Directed Evolution Used to Create Chiral Lactams

  • Author: Marek Czykanski
  • Published: 12 May 2019
  • Copyright: Wiley-VCH Verlag GmbH & Co. KGaA, Weinheim
  • Source / Publisher: Science/American Association for the Advancement of Science (AAAS)
thumbnail image: Directed Evolution Used to Create Chiral Lactams

Frances H. Arnold and colleagues, California Institute of Technology (Caltech), Pasadena, CA, USA, have used directed evolution to engineer cytochrome P450 enzymes that perform novel enantioselective C‒H amidation reactions to create chiral β-, γ-, and δ-lactams. The enzymes were expressed in Escherichia coli cells. Each enzyme generates a different lactam.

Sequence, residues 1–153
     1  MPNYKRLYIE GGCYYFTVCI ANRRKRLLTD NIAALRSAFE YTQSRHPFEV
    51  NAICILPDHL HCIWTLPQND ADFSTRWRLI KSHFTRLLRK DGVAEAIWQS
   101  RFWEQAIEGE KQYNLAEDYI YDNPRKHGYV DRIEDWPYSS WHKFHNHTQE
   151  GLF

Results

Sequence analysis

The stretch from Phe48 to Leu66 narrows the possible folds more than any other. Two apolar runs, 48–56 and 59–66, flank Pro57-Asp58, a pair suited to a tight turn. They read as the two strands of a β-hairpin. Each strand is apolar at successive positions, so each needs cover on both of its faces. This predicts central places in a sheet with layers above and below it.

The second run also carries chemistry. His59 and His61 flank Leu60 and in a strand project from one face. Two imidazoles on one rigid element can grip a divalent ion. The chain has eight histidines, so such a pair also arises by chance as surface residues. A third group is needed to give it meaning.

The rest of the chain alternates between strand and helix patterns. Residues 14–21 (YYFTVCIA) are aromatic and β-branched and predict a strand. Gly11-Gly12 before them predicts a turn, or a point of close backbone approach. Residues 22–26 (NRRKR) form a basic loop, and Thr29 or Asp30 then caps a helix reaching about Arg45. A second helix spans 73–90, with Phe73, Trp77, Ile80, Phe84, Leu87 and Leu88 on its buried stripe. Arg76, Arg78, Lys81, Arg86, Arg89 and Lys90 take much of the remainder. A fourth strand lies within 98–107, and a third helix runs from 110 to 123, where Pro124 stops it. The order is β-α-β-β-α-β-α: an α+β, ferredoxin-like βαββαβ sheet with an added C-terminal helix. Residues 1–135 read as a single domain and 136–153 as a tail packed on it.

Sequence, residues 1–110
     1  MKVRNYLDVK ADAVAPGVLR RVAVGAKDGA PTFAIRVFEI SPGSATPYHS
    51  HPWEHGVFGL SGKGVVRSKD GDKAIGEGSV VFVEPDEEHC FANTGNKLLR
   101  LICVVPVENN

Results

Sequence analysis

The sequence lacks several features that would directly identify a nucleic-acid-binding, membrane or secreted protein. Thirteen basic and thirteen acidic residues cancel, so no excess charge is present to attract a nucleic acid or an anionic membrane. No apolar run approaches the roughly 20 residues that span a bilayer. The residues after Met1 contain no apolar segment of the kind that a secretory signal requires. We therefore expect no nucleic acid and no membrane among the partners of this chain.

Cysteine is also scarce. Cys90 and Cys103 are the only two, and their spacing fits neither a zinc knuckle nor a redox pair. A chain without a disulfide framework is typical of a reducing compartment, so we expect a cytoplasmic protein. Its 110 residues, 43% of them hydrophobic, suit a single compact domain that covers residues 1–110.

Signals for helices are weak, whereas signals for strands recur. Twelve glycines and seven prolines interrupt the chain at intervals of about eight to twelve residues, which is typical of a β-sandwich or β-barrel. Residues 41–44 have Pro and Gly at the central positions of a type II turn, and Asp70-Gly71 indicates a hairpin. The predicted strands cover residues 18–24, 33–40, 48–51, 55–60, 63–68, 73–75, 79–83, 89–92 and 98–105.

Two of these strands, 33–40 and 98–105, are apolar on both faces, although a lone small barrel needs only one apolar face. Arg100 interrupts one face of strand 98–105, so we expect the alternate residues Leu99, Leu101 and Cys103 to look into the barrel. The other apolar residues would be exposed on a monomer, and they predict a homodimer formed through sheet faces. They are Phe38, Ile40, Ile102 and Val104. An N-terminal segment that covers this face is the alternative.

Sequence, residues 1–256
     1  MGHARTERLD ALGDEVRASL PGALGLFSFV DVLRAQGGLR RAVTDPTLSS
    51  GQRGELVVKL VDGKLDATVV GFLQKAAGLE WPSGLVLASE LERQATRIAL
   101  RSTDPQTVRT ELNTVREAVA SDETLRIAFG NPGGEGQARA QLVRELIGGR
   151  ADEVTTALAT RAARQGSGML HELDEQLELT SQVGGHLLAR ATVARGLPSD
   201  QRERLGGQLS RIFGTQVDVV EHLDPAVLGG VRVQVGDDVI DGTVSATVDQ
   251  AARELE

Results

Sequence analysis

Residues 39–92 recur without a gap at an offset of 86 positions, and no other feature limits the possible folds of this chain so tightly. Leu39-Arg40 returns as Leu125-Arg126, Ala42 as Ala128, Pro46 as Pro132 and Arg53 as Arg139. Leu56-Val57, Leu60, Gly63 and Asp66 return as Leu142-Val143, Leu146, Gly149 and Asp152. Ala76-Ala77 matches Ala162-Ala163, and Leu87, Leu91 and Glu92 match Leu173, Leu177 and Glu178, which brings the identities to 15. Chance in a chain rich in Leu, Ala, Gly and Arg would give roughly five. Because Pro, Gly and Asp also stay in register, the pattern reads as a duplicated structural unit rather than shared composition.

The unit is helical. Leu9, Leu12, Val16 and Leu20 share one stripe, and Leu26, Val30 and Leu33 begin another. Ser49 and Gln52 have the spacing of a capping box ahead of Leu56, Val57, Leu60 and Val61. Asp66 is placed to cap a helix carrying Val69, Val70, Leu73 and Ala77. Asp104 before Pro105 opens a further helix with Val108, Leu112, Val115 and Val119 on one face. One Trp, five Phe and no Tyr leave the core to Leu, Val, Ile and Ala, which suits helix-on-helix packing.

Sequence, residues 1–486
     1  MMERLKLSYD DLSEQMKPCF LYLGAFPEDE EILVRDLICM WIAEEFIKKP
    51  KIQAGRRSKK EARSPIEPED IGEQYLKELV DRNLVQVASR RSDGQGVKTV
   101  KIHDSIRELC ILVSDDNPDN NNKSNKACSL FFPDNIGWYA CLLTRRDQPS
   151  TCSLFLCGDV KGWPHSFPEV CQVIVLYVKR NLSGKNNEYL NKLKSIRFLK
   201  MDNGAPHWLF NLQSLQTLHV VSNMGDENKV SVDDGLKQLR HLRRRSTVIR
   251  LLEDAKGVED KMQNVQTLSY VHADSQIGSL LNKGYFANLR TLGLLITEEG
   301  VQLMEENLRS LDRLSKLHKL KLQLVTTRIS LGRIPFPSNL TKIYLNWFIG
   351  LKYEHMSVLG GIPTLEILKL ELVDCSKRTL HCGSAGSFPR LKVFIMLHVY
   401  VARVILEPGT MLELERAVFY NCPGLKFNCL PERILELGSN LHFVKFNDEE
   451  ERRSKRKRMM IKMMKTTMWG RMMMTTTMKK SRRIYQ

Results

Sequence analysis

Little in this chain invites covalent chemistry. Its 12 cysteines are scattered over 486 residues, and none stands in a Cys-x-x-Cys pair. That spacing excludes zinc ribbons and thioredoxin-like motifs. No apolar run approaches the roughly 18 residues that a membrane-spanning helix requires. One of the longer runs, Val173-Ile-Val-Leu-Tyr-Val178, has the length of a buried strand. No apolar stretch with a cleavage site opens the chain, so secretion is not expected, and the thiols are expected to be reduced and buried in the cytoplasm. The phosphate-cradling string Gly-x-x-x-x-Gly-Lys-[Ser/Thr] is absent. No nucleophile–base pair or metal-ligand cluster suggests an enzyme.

The enzymes turn C–H bonds of acyl-protected hydroxamate precursors into C–N bonds. First, reactive iron-bound carbonyl nitrenes are formed. These carbonyl nitrenes undergo an intramolecular C–H amidation reaction to create the lactams. The enzymes direct the amidation to the desired C–H position and simultaneously prevent side reactions. Isolation of most products was achieved simply by filtering from the aqueous reaction mixture.

According to the researchers, their transformation is very efficient and selective. Moreover, it can easily be used on a preparative scale in drug synthesis.


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